Location: San Rafael, CA
Francis, I am troubled by something that might seem elementary for someone who has been investigating spiritual matters for over 40 years. It is evidfent if we investigate our own experience that everthying we ever experience, whether “internal” or “external”, is experienced by or within consciousnes. Consciousness is, then, the a priori reality of our human experience. Clearly, realizing this most profoundly leads to a life radically transformed by freedom from any sense of limitation. However, to go on to state, as you and all other non-dual teachers do, that consciousness is the a priori reality of all existence, would seem to be an extrapolation, not directly supported by direct experience. The fact that we, as human beings, can never experience anything outside of consiousness does neither mean that there is nothing outside of consciousnes, nor that consciousness is the a prior reality of all that is. All that direct expericen can reveal is that consciouness is the a priori reality of human beings (since it is human beings, and only human beings, who make that assertion). Surely any statement beyond that is an extrapolation. I was dissatisfied by your response to question 125, when you stated: “absence of recollection of a past event doesn’t imply that we weren’t conscious when this event occurred. Therefore…consciousness can never be absent.” The second statemenet does not seem to inevitably follow from the first, but rather to be an extrapolation not supported by direct experience. And the first statement is also open to question: while absence of recollection of a past event doesn’t imply that we weren’t conscious, nor does it imply or proove that we were! The experience of deep sleep, anaesthesia, or any other moment of “unconscousness” suggests that, rather than consiousness being the a prioiri reality of reality itself, it may only be the a prioiri reality of a human being in the waking or dreaming state. That, in turn, would suggest the possibility that the materialists are correct, that consciousness may indeed be an epiphenomenon of the human brain. This wold not contradict the direct evidence of Sel-Realization, only its extrapolations. Similarly, it is often stated that consciousness is eternal, that it survives the death of the physical body. This too, while entirely possible, would seem like an extrapolation. This is only ever asserted by living human beings who, by definition, have not yet died (at least, not physically). Even evidence of near-death expericences, or the testimony of those who have medically “died” and have been revived is not conclusive, as the death process clearly has not completed itself in those cases. So, while the disquieting and unconsoling materialist assumption that consciousness ends with death cannot be definitively proven, neither can the more comforting and consoling assertion that consciousness survives death. It would see that, at least relative to death (and, probably, deep sleep and other “unconscious” states) that the only intellectually honnest position is one of agnosticism. Cheery assertions to the contrary do not constitute proof! Clearly my own investigation of these matters has revealed my own previously hidden materialist assumptions; and, while I am more than willing to explore their limitations, I am equally unwilling to blindly accept assertions to the contrary, just because my spiritual ego prefers them! Thanks you, in advance, for your anticipated response. James Haig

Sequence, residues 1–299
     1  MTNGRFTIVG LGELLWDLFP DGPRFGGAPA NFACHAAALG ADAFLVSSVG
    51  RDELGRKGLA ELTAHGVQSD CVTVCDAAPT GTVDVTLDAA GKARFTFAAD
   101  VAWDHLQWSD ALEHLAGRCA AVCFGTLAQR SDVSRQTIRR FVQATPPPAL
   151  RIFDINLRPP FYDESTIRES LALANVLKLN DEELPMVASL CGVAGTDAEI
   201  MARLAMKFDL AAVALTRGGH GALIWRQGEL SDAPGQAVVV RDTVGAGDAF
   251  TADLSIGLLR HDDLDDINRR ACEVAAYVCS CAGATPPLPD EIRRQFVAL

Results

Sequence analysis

Thank you for your question.